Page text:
Three times a month, Mohammad al-Kirayfawai hands $300 to fighters from the Islamic State for the privilege of driving his refrigerated truck full of ice cream and other perishables from Jordan to a part of Iraq where the militants are firmly in charge.
The fighters who man the border post treat the payment as an import duty, not a bribe. They even provide a stamped receipt with the logo and seal of the Islamic State, which al-Kirayfawai, 38, needs for passing through other checkpoints on his delivery route.
Refuse to pay and the facade of normality quickly falls away. “If I do not,” al-Kirayfawai explained, “they either arrest me or burn my truck.”
Across wide swaths of Syria and Iraq, the Islamic State, with the goal of building a credible government, has set up a predatory and violent bureaucracy that wrings every last U.S. dollar, Iraqi dinar and Syrian pound it can from those who live under its control, or pass through its territory.
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Interviews with more than a dozen people living inside or recently escaped from the Islamic State, and Western and Middle Eastern officials who track the finances of the militants, describe the group as exacting tolls and traffic tickets; rent for government buildings; utility bills for water and electricity; taxes on income, crops and cattle; fines for smoking or wearing the wrong clothes.
The earnings from these practices that mimic a traditional state total tens of millions of dollars a month, approaching $1 billion a year, according to some estimates by U.S. and European officials. And that is a revenue stream that has so far proved largely impervious to sanctions and air raids.
“They fight in the morning and they tax in the afternoon,” said Louise Shelley, director of the Terrorism, Transnational Crime and Corruption Center at George Mason University.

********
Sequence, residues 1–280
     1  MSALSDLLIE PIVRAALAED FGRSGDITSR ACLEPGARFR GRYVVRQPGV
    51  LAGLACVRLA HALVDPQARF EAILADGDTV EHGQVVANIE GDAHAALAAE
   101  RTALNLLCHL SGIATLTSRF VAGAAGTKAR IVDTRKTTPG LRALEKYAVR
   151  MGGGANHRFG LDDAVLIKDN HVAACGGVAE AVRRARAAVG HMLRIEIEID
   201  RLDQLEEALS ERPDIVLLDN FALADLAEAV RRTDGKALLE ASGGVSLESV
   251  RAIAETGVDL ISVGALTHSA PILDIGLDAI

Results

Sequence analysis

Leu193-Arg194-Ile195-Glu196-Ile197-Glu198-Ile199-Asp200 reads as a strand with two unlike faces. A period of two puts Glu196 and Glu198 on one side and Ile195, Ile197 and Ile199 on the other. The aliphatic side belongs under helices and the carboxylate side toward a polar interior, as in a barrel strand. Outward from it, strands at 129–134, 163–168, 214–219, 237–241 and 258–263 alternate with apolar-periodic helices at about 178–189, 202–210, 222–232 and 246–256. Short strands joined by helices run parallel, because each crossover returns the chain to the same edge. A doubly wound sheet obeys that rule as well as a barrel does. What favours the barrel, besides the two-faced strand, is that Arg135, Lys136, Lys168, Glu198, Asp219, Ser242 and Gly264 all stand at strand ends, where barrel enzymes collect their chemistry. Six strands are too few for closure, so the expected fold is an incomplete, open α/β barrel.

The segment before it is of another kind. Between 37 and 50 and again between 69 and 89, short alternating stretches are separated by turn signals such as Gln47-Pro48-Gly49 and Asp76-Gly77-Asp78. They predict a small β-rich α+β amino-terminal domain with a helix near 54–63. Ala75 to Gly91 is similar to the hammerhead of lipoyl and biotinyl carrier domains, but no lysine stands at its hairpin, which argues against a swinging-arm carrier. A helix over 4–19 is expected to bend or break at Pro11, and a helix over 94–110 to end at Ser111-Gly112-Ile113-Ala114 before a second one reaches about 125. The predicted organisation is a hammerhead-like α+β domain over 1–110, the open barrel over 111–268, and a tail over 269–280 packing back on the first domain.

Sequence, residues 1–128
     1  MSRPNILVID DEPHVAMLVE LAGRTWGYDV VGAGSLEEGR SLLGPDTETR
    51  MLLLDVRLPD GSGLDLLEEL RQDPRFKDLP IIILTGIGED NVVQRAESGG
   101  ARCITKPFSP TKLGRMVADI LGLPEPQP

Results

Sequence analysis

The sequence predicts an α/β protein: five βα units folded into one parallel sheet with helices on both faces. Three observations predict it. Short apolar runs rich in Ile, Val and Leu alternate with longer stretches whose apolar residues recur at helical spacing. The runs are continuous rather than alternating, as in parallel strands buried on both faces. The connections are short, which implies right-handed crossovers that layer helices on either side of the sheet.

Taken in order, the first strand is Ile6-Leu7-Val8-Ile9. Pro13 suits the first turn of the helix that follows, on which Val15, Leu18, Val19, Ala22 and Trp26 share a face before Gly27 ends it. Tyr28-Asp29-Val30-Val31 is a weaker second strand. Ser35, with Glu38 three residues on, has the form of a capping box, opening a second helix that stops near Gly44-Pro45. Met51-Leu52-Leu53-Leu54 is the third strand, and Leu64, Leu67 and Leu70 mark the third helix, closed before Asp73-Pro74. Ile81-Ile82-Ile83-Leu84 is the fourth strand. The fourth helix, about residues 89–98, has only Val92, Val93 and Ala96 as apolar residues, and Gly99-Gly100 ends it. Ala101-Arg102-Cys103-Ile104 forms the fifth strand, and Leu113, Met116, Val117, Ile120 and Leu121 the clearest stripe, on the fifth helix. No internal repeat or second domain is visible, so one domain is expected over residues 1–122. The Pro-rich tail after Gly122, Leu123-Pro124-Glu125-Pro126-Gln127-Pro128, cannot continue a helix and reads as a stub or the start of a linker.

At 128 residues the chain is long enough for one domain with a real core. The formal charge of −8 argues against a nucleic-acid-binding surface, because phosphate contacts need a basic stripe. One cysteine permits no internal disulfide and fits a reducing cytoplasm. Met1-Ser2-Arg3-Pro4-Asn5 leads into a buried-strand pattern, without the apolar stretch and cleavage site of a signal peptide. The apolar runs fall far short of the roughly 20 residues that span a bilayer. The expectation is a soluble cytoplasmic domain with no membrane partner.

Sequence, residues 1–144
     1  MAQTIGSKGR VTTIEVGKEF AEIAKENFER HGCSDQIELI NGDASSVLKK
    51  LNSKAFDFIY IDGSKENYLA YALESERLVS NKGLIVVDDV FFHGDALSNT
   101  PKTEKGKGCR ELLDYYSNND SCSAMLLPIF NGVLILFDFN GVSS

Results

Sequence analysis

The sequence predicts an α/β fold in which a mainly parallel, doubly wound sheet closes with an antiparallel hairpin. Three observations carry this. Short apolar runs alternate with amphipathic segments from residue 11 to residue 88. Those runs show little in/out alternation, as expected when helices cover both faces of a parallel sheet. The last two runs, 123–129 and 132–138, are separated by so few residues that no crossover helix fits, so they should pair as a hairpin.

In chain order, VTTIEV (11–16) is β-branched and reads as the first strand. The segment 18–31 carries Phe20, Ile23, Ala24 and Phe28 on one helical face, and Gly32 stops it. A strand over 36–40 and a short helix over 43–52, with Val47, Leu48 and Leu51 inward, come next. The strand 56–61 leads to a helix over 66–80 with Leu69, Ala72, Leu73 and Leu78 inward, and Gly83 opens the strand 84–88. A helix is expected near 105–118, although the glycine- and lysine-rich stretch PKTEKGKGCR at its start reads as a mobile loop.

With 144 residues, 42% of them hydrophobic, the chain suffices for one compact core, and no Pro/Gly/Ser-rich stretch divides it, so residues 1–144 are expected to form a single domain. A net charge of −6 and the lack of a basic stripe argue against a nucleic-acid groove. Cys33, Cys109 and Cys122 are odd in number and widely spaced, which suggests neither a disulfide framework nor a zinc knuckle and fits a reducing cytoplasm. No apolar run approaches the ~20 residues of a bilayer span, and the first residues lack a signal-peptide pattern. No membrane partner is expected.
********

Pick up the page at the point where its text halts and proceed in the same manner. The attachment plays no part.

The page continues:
The better known of the Islamic State’s revenue sources – smuggling oil, plundering bank vaults, looting antiquities, ransoming kidnapped foreigners and drumming up donations from wealthy supporters in the Persian Gulf – have all helped to make the group arguably the world’s richest militant organization. But as Western and Middle Eastern officials have gained a better understanding of the Islamic State’s finances over the past year, a broad consensus has emerged that the militants’ biggest source of cash appears to be the people it rules, and the businesses it controls.
In the aftermath of this month’s attacks in Paris, the United States has more aggressively targeted the militants’ oil production and smuggling operations, which it had held off from going after for fear of inflicting long-term damage to Iraq and Syria’s economies. U.S. aircraft earlier this month struck a convoy of oil tanker trucks in eastern Syria, destroying 116 vehicles.
Ultimately, though, many officials and experts said that the Islamic State will be able to cover its costs even without oil revenue, and that bankrupting the group will take a lot more than blowing up oil tankers so long as it controls large stretches of Iraq and Syria, including major cities.
“These are all going to be little pin pricks into Islamic State financing unless you can take their revenue bases away from them, and that means the territory they control,” said Seth Jones, a terrorism expert at the RAND Corp.
LEGITIMATE REVENUE STREAMS
Inside that territory, the Islamic State, also known as ISIS or ISIL, has taken over the legitimate revenue collection operations of the governments it has usurped. And it has used the ever-present threat of violence to extract as much as it can from the people, businesses and property it now controls.